24 Jun 2016
Customer Experience Management
Master data management
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Context Marketing and the Golden Record
We are working with a large retailer to build out persona driven digital experiences, all based on Sitecore xDB stored data. So far, we’ve mapped about 50 points of segmentation. It’s an exciting project, that should really showcase what’s possible with context marketing.
This post isn’t about what’s possible with Sitecore. Rather, it’s about the requirement of clean, consistent data to drive those experiences. Highly personalized digital interactions require a large amount of well-groomed customer data. That data often comes from multiple systems, that often times don’t have common data designs. The challenge becomes, how to get the data out of multiple systems and groomed into a golden record.
Folks in the Master Data Management (MDM) space often use the term ‘Golden record’, which is that single version of the truth for whatever information we’re collecting. In our case, it’s customer-centric data that includes geographic, demographic, psychographic and behavioral insights. It also includes their specific user journey footprints; activities, events, goals, etc. That information comes from a lot of different sources. It comes from web visits, email and print mail responses, point of sale system data, loyalty program interactions, CSR records and others. The roadmap includes in-store shopping insights via beacon data.
Collecting, grooming and storing all that disparate data can require the addition of an MDM solution. A best of breed solutions will include:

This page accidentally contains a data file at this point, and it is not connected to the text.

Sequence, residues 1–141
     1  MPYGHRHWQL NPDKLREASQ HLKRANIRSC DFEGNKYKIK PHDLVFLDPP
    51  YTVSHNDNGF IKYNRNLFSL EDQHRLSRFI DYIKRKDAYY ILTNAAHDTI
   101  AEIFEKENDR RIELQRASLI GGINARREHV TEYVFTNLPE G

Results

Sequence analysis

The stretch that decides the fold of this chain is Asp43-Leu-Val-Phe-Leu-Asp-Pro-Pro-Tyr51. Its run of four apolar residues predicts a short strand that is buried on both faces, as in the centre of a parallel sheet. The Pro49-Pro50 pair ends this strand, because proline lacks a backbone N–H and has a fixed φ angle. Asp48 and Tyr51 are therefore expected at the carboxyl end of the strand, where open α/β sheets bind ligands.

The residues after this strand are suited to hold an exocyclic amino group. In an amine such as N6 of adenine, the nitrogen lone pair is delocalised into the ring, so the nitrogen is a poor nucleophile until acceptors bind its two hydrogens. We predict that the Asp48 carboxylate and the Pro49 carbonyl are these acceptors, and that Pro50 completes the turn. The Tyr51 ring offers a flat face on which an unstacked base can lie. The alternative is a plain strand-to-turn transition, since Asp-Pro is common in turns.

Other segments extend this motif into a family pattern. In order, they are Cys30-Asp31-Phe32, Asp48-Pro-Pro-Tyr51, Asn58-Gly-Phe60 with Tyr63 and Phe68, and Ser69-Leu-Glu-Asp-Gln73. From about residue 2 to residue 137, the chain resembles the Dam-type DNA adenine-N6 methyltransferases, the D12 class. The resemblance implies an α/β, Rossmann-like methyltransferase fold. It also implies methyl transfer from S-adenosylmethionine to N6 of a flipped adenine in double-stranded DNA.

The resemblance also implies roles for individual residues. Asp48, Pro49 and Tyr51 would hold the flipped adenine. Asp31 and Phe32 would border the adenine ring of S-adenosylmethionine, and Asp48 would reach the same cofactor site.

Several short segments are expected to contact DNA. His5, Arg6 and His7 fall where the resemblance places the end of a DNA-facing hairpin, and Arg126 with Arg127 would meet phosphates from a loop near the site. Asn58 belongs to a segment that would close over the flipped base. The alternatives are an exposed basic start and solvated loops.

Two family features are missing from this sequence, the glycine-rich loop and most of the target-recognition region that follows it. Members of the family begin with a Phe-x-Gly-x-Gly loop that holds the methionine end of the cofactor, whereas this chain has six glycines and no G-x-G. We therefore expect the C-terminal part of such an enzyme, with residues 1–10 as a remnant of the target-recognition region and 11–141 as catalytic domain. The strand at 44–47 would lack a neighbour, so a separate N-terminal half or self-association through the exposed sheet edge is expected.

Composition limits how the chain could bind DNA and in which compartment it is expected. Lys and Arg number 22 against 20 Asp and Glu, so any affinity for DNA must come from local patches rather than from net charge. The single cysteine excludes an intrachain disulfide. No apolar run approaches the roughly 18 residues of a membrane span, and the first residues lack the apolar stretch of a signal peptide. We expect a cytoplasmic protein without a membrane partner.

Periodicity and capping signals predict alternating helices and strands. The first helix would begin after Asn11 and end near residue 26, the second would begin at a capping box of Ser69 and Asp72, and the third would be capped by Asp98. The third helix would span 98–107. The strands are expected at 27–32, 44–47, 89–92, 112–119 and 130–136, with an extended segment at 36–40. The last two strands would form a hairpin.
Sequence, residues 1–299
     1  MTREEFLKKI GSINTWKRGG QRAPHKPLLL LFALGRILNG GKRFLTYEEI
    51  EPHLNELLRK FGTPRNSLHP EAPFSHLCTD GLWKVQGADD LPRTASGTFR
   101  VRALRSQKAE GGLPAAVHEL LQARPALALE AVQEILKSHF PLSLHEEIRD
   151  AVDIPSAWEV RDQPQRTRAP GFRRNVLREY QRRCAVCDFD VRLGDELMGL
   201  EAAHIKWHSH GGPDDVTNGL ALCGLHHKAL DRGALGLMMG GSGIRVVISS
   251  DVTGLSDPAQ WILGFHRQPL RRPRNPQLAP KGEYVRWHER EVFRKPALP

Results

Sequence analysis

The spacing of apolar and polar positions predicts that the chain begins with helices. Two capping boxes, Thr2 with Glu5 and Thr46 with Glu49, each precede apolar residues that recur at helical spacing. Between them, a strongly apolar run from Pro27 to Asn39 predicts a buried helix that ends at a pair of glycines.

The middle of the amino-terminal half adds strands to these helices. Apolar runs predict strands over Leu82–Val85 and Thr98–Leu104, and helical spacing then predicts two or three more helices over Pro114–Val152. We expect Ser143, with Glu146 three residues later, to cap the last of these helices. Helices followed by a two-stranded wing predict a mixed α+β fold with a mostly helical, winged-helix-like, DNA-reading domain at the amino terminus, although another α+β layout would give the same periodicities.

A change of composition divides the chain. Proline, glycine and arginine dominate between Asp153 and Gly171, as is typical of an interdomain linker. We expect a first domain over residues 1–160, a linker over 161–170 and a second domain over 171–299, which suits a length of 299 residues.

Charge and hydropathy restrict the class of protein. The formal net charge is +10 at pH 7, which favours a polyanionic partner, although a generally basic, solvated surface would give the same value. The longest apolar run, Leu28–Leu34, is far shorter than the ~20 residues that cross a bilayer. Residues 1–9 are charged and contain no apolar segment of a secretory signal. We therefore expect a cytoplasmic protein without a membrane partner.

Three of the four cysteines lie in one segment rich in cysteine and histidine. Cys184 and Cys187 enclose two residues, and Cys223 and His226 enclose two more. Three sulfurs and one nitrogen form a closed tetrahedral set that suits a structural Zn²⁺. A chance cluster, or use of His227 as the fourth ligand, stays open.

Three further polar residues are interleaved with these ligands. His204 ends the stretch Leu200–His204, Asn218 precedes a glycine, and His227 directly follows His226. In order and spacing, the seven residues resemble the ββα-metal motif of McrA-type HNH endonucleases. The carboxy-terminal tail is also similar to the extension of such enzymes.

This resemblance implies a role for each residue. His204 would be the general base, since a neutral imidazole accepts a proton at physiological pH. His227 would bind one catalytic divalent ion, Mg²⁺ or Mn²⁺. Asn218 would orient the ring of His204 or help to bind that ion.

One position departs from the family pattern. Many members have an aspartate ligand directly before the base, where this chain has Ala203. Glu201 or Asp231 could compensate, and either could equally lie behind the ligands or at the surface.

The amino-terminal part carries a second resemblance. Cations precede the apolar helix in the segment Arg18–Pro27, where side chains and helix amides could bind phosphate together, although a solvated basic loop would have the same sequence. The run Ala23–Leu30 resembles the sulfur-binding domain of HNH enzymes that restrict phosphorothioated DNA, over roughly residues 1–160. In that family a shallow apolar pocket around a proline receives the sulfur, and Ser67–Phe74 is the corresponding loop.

Rule-based record merge capabilities
Process automation capabilities (workflows)
Out-of-the-box integration models for common line of business systems
Operational visibility through dashboards and reports
Configurable data management workspaces that knowledge workers can use to update exception records
Sitecore uses this illustration to portray a multi-system environment that feeds customer data and insights into the xDB for use throughout the user journey. This nirvana state is attainable for newer companies that have the luxury to implement a modern service oriented architecture from the start. Uber was founded in 2009 with no legacy system or design constraints. But, what about Hertz? They were founded in 1918 in Chicago and started out renting model T Fords. I don't know anything about them, but I'd bet a dollar that they have some legacy systems that require a bit of master data management.